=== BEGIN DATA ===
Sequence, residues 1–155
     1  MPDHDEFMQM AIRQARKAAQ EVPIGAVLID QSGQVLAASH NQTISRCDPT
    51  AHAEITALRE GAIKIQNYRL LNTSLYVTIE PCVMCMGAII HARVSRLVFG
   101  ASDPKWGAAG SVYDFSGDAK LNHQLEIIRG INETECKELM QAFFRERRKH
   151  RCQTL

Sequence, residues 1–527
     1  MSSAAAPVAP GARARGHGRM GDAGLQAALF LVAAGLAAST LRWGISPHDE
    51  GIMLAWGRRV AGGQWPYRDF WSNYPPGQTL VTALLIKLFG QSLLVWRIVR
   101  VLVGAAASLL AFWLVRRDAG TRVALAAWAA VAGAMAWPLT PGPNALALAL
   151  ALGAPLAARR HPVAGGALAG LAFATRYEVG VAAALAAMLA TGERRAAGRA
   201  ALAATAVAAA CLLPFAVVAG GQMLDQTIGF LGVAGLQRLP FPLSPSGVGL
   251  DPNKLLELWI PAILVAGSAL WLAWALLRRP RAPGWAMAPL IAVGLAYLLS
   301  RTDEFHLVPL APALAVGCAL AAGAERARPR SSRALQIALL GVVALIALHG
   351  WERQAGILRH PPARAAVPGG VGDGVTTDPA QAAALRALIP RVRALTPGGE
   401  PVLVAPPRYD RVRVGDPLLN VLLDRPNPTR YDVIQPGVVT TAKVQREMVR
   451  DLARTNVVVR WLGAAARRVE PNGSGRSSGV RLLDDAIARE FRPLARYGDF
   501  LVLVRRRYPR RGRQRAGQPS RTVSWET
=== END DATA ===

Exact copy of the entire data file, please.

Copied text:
Sequence, residues 1–155
     1  MPDHDEFMQM AIRQARKAAQ EVPIGAVLID QSGQVLAASH NQTISRCDPT
    51  AHAEITALRE GAIKIQNYRL LNTSLYVTIE PCVMCMGAII HARVSRLVFG
   101  ASDPKWGAAG SVYDFSGDAK LNHQLEIIRG INETECKELM QAFFRERRKH
   151  RCQTL

Sequence, residues 1–527
     1  MSSAAAPVAP GARARGHGRM GDAGLQAALF LVAAGLAAST LRWGISPHDE
    51  GIMLAWGRRV AGGQWPYRDF WSNYPPGQTL VTALLIKLFG QSLLVWRIVR
   101  VLVGAAASLL AFWLVRRDAG TRVALAAWAA VAGAMAWPLT PGPNALALAL
   151  ALGAPLAARR HPVAGGALAG LAFATRYEVG VAAALAAMLA TGERRAAGRA
   201  ALAATAVAAA CLLPFAVVAG GQMLDQTIGF LGVAGLQRLP FPLSPSGVGL
   251  DPNKLLELWI PAILVAGSAL WLAWALLRRP RAPGWAMAPL IAVGLAYLLS
   301  RTDEFHLVPL APALAVGCAL AAGAERARPR SSRALQIALL GVVALIALHG
   351  WERQAGILRH PPARAAVPGG VGDGVTTDPA QAAALRALIP RVRALTPGGE
   401  PVLVAPPRYD RVRVGDPLLN VLLDRPNPTR YDVIQPGVVT TAKVQREMVR
   451  DLARTNVVVR WLGAAARRVE PNGSGRSSGV RLLDDAIARE FRPLARYGDF
   501  LVLVRRRYPR RGRQRAGQPS RTVSWET